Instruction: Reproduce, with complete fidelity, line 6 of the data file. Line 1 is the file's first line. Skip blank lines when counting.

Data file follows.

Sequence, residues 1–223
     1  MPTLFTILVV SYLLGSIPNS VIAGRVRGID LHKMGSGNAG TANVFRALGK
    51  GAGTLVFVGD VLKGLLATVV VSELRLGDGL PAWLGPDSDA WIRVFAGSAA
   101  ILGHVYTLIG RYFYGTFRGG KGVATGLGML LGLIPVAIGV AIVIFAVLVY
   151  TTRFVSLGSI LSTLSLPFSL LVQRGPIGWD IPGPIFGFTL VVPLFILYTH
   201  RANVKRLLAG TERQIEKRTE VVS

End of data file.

   201  RANVKRLLAG TERQIEKRTE VVS